Written by Andrew Martin — Can you imagine an ‘anti’ version of Downton Abbey? What would it look like? Maybe the pretty-but-featureless countryside would be exchanged for rugged, dramatic, industrial cities. It wouldn’t portray the class divide as a reassuring comedy of manners, that’s for sure. Instead, simmering tensions might be hinted at, suggesting that things were going to change in the future. Perhaps the serving classes wouldn’t be portrayed as ungrateful theives or forelock-tugging decent types, but as individuals with pride and aspirations that aren’t so easily fulfilled. Finally, maybe the anti-Downton Abbey wouldn’t view the Great War from afar, but transport you to the centre of the hysteria, duty and death on the battlefields of the Somme. We’d see what life was like for the ordinary soldier whose officers bore him nearly as much disdain as his enemy in the German trenches.
Don’t worry if you can’t imagine it, because it already exists. In print. It’s called the Jim Stringer Steam Detective series by Andrew Martin, and The Baghdad Railway Club is the eighth instalment. Last year Martin won the CWA Ellis Peters Award for best historical novel with Somme Stations so expecations are high for The Baghdad Railway Club.
Jim Stringer started off an apprentice on the railways, desperate to be put ‘on the plate’ and become a driver. Instead he’s diverted into the Railway Police, but he never loses his fascination with steam-powered locomotion. In London he meets then courts his wife, then graduates to Detective on the platforms of the grand York Station. At the start of the Great War he enlists in the North Eastern Railway Battalion, otherwise known as the Railway Pals. He is injured at the Somme after investigating the suspicious death of a colleague and returns home a captain.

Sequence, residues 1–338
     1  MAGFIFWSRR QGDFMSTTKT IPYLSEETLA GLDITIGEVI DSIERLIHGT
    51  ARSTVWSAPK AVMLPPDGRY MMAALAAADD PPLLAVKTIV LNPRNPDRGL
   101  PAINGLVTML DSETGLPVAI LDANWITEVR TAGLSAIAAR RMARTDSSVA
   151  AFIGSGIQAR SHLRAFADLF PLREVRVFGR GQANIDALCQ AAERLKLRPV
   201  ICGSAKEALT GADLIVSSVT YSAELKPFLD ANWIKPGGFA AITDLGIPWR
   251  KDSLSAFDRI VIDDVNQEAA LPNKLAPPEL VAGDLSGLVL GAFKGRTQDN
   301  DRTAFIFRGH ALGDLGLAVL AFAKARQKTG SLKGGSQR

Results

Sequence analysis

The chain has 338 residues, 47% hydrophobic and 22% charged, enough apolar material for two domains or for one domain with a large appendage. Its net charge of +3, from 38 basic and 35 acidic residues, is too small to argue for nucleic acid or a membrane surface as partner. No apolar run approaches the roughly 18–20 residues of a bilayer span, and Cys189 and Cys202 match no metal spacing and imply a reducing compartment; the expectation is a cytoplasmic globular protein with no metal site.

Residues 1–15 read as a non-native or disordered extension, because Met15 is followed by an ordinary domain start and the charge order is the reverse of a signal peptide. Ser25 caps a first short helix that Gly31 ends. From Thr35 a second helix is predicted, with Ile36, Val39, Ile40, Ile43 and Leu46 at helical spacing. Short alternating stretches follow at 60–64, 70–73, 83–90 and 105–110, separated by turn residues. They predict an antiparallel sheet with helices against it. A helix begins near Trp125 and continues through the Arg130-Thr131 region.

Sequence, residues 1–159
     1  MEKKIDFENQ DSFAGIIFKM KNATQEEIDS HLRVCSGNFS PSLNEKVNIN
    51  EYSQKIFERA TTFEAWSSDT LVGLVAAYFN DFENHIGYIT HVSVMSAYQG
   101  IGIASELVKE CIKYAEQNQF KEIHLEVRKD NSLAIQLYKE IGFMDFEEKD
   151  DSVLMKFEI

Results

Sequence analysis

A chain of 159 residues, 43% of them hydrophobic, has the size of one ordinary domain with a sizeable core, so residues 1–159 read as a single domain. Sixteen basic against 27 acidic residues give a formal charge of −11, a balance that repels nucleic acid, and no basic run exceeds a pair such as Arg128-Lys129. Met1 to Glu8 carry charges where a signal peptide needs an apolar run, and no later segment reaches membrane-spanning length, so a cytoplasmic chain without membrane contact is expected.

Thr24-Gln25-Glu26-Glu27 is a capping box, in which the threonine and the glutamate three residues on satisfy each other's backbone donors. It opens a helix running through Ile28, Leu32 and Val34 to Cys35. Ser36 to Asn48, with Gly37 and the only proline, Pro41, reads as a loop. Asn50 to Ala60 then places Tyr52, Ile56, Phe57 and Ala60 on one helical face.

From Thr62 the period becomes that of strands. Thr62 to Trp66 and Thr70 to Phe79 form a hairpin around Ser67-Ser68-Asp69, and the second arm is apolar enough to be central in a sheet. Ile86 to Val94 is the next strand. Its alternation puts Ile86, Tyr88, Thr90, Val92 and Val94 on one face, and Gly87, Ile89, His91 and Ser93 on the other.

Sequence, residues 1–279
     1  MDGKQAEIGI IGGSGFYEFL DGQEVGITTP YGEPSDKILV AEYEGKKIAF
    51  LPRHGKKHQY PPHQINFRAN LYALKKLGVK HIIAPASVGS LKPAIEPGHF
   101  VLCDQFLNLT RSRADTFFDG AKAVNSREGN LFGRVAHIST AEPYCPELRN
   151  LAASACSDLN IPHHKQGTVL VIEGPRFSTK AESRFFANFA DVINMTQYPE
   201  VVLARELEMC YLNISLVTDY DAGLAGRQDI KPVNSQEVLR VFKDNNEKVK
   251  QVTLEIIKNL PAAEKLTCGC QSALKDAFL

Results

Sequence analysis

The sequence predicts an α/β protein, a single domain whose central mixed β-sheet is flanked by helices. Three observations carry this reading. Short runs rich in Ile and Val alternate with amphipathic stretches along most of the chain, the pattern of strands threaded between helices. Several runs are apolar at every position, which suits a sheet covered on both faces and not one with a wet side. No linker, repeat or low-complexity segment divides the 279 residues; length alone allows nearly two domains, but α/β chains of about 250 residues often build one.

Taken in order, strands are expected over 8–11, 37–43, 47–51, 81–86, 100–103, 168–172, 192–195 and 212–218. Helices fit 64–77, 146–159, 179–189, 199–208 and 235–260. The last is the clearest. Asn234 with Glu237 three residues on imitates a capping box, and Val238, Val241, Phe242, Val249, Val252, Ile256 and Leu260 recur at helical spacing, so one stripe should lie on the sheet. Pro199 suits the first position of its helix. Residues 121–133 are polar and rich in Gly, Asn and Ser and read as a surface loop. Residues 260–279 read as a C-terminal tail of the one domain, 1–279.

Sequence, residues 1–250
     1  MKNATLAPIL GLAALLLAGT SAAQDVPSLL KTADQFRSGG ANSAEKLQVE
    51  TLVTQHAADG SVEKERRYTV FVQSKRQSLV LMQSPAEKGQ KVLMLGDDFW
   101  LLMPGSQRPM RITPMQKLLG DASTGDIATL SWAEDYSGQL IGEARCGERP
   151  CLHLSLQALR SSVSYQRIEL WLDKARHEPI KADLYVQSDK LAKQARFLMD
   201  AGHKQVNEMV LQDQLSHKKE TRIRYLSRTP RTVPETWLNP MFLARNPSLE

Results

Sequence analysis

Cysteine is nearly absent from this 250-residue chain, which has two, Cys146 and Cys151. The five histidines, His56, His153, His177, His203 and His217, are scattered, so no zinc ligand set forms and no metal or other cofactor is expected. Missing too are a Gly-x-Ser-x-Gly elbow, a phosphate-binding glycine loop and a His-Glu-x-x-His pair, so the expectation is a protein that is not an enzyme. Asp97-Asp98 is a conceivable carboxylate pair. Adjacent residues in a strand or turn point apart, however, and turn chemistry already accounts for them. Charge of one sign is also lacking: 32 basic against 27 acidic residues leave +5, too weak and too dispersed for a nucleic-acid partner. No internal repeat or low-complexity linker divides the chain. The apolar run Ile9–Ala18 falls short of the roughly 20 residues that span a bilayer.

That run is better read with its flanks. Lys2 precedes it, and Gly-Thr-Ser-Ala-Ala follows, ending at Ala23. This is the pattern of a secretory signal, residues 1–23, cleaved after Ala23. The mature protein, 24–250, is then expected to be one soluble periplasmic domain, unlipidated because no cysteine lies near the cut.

This book takes up the story in 1917 and Jim is back at duty as a detective at York Station. However, The Chief, who is only ever referred to as The Chief, has arranged for him to meet Manners from the War Office. The War has moved east now into Mesopotamia and the British have routed the Turks and taken over the region. This means rebuilding the damaged railways and the Royal Engineers are trying to do just that. However, there is a suspicion of treachery. Lieutenant-Colonel Shepherd is said to have accepted a bribe from the fleeing Turks. Is he assisting them?
Jim is dispatched and goes undercover as a railway advisor to investigate, but his contact Captain Boyd is discovered murdered in an abandoned station. No further help will be sent, so Jim is on his own catching the murderer, and preventing a giant betrayal of the British effort. He has to do so whilst navigating an unfamiliar landscape, avoiding getting caught up in an Arab uprising, fighting off a case of malaria during a sweltering Baghdad summer, and treading a careful path as he investigates members of the officer class.
Two things make this series soar. The first is the author’s evident love of Britain’s northern working class and its history. Never do you get the sense that these people are being – even slightly – mocked or patronised, something which often occurs in historical fiction, unfortunately. The second is Martin’s ear for language, particularly the peculiarly northern sardonic humour, which he gets right every time. Stringer’s internal monologue and actual conversation feels absolutely authentic.
A WWI army railway unit is an unusual milieu for a crime story, but The Baghdad Railway Club continues the tradition for compelling reading in the Jim Stringer series. You can finds all sorts of Brit Grit on our site from Tartan Noir to Mockney Gangsters, but no other British crime series has been as ambitious or successful.
Faber and Faber
CFL Rating: 5 Stars